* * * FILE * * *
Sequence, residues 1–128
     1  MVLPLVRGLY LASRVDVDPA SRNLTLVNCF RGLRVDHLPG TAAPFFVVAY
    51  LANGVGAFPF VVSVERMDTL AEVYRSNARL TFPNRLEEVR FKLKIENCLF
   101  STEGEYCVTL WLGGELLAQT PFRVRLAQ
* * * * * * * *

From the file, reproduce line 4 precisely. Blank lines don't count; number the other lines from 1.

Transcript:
   101  STEGEYCVTL WLGGELLAQT PFRVRLAQ